OurCrowd and our partners at the WHO Foundation believe it is time for a global healthcare transformation that will prioritize practical solutions to these critical and life-threatening challenges. We believe that the key to this transformation lies in technological innovation.
To meet this urgent global need the Global Health Equity Fund will focus on developing solutions designed to provide health for all, while creating economic growth. This will be achieved by investing in MedTech, HealthTech and other technologies directly related to medical care, as well as technologies in AgTech, FoodTech and energy transition that help to reduce or eliminate health risks.
OurCrowd has a track record in identifying healthcare and sustainability investments able to deliver value to patients, healthcare providers and investors. The collaboration with the WHO Foundation will assist the identification of additional promising investments and facilitate the commitment of investors and entrepreneurs to equitable access to these innovative technologies.
An initial fund simulation based on existing relevant companies in the OurCrowd portfolio suggests a net IRR of 18% and a net multiple of 1.73x.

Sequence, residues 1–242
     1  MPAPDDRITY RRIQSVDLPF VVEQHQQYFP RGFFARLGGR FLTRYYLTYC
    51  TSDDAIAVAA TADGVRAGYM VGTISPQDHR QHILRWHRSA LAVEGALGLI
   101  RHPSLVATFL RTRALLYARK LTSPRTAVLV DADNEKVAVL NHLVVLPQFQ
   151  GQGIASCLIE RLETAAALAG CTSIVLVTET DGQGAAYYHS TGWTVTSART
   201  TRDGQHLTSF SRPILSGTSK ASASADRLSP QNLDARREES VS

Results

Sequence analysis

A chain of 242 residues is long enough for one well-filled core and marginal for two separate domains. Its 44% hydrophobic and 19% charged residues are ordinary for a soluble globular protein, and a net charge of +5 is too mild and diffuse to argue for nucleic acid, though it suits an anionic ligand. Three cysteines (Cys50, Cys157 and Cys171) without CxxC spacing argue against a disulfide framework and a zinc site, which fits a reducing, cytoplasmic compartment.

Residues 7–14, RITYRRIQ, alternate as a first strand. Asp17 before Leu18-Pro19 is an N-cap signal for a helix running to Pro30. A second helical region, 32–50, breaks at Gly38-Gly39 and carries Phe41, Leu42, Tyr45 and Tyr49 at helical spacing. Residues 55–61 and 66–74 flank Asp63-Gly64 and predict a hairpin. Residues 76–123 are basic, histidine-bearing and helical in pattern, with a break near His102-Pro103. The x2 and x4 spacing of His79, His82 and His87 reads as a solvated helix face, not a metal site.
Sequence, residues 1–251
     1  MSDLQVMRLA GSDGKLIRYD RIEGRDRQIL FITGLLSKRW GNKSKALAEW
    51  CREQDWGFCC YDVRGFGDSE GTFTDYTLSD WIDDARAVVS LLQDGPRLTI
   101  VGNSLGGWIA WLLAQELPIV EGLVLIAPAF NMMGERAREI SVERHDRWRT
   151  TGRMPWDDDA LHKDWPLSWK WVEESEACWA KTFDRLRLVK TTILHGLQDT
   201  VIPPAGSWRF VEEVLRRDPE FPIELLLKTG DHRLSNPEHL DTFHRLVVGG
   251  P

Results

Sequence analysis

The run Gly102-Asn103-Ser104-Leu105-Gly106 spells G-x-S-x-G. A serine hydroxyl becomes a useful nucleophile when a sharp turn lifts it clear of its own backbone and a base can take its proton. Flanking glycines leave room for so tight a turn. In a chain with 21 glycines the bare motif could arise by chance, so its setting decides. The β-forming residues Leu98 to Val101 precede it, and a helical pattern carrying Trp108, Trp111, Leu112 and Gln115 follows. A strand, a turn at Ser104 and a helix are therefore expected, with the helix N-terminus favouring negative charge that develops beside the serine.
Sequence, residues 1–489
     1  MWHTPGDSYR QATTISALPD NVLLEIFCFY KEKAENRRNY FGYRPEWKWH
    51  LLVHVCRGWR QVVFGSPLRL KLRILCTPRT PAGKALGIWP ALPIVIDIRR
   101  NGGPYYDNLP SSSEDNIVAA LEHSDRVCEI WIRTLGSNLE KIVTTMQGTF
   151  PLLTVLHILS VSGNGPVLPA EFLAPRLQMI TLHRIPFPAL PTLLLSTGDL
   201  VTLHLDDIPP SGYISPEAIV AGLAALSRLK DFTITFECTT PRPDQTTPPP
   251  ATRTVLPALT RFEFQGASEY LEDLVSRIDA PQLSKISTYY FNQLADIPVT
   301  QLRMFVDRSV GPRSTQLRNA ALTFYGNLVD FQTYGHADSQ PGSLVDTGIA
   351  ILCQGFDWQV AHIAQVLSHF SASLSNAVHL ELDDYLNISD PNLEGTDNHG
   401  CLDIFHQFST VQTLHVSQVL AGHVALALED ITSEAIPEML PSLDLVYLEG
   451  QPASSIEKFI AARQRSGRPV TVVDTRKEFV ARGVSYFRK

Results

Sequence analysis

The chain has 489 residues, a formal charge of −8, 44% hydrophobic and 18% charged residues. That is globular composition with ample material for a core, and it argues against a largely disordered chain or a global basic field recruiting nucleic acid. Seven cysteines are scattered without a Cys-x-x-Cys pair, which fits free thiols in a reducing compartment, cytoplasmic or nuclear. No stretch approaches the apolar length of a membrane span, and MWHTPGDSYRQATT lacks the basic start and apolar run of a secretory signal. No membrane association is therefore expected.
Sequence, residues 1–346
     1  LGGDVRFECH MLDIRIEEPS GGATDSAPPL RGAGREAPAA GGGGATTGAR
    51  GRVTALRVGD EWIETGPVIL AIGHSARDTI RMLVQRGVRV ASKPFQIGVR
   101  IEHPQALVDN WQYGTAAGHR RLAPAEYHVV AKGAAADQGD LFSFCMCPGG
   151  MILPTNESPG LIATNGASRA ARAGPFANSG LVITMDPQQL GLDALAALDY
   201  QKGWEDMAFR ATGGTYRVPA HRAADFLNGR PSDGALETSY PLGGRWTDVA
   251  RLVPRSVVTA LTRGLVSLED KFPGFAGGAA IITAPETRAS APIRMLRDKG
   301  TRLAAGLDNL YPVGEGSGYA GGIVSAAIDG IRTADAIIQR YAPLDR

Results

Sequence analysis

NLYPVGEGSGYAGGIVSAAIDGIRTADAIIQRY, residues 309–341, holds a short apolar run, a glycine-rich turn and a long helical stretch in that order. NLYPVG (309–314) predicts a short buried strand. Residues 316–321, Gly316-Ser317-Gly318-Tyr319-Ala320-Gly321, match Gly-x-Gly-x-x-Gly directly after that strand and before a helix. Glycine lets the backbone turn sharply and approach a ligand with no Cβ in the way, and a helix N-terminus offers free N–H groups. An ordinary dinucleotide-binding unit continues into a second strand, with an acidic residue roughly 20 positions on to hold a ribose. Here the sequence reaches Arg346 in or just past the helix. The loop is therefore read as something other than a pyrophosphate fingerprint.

The fund will be structured to ensure that a significant percentage of the fund’s carried interest will revert to the WHO Foundation to support its philanthropic causes.
Associated with the fund is an Access Pledge, an innovation of the WHO Foundation to align investment with commitments by portfolio companies to ensure that their technology solutions are available, accessible, appropriate, and affordable for populations experiencing inequity, particularly in low- and middle-income settings.
As part of the Access Pledge, companies will seek to develop a commercially viable Access Plan relevant to their business. The WHO Foundation and OurCrowd will appoint a global health advisory board to provide assistance to these companies so they can plan early for business models that combine economic return with equitable access.
The Global Health Equity Fund will focus on healthcare and also on the industries that are direct determinants of health, including energy transition, food and agriculture, which together address markets worth trillions of dollars globally. The target portfolio companies will therefore not only innovate to improve medical care but will also work to mitigate current global health risks related to climate change, fossil fuels, and looming food and water shortages.
The WHO Foundation and Our Crowd share the aim of acting as standard bearers within the investment and global health communities, demonstrating the viability of investing to get robust returns, and intended impact, with both goals benefiting from partnership across the private and public sectors.
For more information on the OurCrowd/WHO Foundation Global Health Equity Fund, click HERE.
Jonathan Medved is the founder and CEO of OurCrowd, the world’s leading global equity funding platform for accredited investors, based in Jerusalem.